Mantis Shrimp With Unbelievably Powerful Punch Strikes Hole Through Angler’s Foot: VIDEO

by Caitlin Berard
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(Photo by Reinhard Dirscherl/ullstein bild via Getty Images)

When you imagine shrimp, the first word that comes to mind likely isn’t “gorgeous.” When it comes to mantis shrimp, however, their beauty is hard to deny. Stretching twice the length of their tasty relatives, mantis shrimp are about 6 inches long. And rather than the tans and oranges of a typical crustacean, mantises are vibrant in color, their body armor bedecked in a rainbow of greens, blues, reds, and oranges.

But as the Aconitum flower (aka the Queen of Poisons), the Burnet moth, and the poison dart frog have taught us, beauty doesn’t always equal harmlessness.

On the contrary, to call a mantis shrimp aggressive would actually be an understatement. Known as “The Thumb Splitter,” the multi-colored shrimp are capable of delivering a punch equivalent to the force of a 22-caliber bullet.

A single blow from the tiny sea creature generates 15,000 newtons of force, more than 2,500 times the shrimp’s weight – something a kayak fisherman learned firsthand after hoisting a mantis shrimp onto his boat.

The shrimp clearly didn’t appreciate being unceremoniously dragged from his home at the bottom of the sea into the open air, because as soon as it was off the line, it latched onto the fisherman’s neoprene booty, punching a hole straight through. The punch was so strong that the booty did almost nothing to protect the man’s foot, which received a nasty puncture wound from the shrimp’s hammer club.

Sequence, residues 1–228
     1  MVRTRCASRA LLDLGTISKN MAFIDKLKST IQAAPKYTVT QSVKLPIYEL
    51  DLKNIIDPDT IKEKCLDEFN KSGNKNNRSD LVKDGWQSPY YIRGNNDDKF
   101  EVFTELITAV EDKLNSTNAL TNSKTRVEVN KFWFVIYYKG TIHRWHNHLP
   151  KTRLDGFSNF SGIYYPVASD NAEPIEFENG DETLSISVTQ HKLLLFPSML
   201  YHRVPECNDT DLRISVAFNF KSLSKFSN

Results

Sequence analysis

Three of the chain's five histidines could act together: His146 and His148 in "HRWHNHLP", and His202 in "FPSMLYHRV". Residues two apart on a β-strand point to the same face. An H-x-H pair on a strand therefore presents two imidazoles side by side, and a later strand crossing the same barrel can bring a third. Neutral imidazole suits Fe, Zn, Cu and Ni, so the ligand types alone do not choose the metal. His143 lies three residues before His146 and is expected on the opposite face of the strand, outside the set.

Mantis Shrimp: The Deadliest Predator in the Sea

Masters of the sea in miniature, mantis shrimp deliver the strongest punch in the natural world pound for pound. They also possess the fastest strike and most sophisticated vision of any predator on Earth.

The mantis shrimp’s hammer clubs strike an astounding fifty times faster than the blink of an eye. So fast, in fact, that with each blow, the surrounding water reaches the temperature of the surface of the sun for a split second. In short, we’re lucky they’re six inches tall and not six feet.

Suffice it to say that, despite being far larger than a mantis shrimp, a human does not want to be on the receiving end of one of its devastating punches. It can punch the arm of a crab clean off its body or shatter the glass of an aquarium without even a scratch on its shell.

Those who have suffered a mantis shrimp punch have come away with some brutal scars. They’re not called “thumb splitters” for no reason. At least one man even had to have his finger amputated following a particularly fierce mantis shrimp strike.

Though we should all think twice before approaching a mantis shrimp (or allowing it inside our kayak), scientists are using the tiny destroyers to conduct some fascinating research. The mantis’ indestructible shell has provided the inspiration for helmets, planes, cars, sports equipment, and armor.

Outsider.com